The problem with this plan is that it would have to work out for my school. That is something I will have to talk to my principal and superintendent about. If it's something that can't be worked out, that leads to option number three. I'll just keep doing what I'm doing. I guess I can live with that one, too.

6 Comments:

Anonymous Anonymous said...

Why wouldn't private schools be falling all over themselves to hire someone like you, unless they're stupid, Dennis. You have experience, you love to teach, you're not motivated by money.

If I were a private school director, I'd be falling all over myself to hire someone like you.

Go for it!

11/27/2008 5:57 AM  
Blogger Mrs. C said...

Oh, Dennis. If someone thinks you're a hypocrite for deciding to quit after teaching public school for 20 years, that person has a problem!! It looks like you have several options, and all of them might be good for you. You can only pick one, though. :]

I've also seen both sides of the retirement issue as well. You're two years younger than my dad and he has been retired about ten years now. I would have thought that playing golf, going on cruises and buying stuff and that sort of thing would get old after a while, but apparently it doesn't. Just so ya know.

From what I've seen on the blogs, you've always been optimistic but practical. You see the bright spots in public education, but are respectful to others with differing opinions. No doubt that's your teaching style as well.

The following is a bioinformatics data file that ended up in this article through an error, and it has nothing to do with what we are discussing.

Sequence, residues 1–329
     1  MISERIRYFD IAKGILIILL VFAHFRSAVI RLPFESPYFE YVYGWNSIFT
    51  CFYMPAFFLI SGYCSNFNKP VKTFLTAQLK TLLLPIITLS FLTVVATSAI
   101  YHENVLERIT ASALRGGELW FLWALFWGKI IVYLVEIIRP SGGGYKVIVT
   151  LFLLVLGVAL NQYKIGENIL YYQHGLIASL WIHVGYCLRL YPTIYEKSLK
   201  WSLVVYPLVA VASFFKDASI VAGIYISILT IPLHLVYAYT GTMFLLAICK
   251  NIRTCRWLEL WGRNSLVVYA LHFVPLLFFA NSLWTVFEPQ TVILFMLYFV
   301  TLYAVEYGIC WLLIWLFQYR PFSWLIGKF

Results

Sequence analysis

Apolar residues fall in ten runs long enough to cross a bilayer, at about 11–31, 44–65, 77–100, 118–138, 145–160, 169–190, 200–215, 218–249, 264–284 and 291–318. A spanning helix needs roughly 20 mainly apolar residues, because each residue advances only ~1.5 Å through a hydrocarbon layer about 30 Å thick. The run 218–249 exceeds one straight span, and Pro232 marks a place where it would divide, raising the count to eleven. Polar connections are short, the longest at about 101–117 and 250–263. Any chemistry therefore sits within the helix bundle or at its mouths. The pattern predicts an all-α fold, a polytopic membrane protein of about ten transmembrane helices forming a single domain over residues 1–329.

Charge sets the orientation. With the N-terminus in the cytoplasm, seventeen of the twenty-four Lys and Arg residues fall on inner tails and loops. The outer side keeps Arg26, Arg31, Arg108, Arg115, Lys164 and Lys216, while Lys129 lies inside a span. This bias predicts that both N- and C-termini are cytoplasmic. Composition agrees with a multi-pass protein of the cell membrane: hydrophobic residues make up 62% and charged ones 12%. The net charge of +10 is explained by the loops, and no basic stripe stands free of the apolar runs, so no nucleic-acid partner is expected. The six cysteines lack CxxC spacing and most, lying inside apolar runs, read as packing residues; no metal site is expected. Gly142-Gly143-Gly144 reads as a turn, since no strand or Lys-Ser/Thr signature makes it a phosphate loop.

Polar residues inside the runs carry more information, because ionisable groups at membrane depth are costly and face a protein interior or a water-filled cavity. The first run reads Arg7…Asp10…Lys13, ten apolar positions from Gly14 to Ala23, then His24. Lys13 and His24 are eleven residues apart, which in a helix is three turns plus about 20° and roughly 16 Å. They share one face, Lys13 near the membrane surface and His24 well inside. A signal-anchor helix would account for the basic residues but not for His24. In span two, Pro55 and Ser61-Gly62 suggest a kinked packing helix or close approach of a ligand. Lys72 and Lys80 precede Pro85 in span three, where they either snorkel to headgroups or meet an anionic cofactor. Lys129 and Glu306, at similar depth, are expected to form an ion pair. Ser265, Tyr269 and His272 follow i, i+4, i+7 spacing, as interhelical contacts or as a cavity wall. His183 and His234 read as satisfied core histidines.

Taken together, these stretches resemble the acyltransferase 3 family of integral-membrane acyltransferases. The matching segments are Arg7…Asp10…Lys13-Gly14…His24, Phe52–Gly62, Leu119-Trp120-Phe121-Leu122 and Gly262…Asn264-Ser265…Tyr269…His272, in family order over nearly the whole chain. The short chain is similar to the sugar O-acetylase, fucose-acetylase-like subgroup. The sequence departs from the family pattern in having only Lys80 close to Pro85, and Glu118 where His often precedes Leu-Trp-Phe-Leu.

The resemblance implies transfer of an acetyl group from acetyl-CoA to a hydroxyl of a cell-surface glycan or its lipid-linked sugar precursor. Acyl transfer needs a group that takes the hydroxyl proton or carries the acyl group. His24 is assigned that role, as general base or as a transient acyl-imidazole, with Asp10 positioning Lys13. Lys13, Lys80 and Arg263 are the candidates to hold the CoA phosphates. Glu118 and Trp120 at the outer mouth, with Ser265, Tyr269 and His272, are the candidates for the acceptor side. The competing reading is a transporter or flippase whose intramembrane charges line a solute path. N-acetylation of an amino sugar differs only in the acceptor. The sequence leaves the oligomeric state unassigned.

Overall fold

We keep thinking when Patrick and G graduate from high school or are close to it, we may consider a move as well. We'd probably stay in Missouri just because the homeschooling laws are so good here and we're not giving account to bureaucrats each year.

11/27/2008 6:08 AM  
Blogger Dennis Fermoyle said...

Anonymous & Mrs. C., thanks for the encouragement! I'm now off for our first hockey over-nighter of the year. I can't wait to go sit on that school bus for a few hours!

11/28/2008 4:07 AM  
Anonymous M├írio Fernandes said...

Wooow, very nice this blog Congratulations!

12/04/2008 5:29 PM  
Anonymous dkzody said...

Here in California we can only earn $29K and still get our pension, but it is a very good pension. $29K is two periods at our high school so many of the retirees have done that. We have 4 this year who are doing it, and the district loves it because they don't have to pay benefits.

I'm leaving in2010 with only 21 years of teaching. I worked in industry before doing this school gig, and I plan to return to that world if I can find a place that will have me.

12/06/2008 12:22 PM  
Blogger Miss Melancholia said...

You're certainly welcome to teach at another place if you want but I would hate to see you leave. I'm very much looking forward to having you as a teacher next year. From what I've heard you really know what your doing and having someone like you as a teacher would be a blast.

Please don't go!

1/28/2009 2:49 PM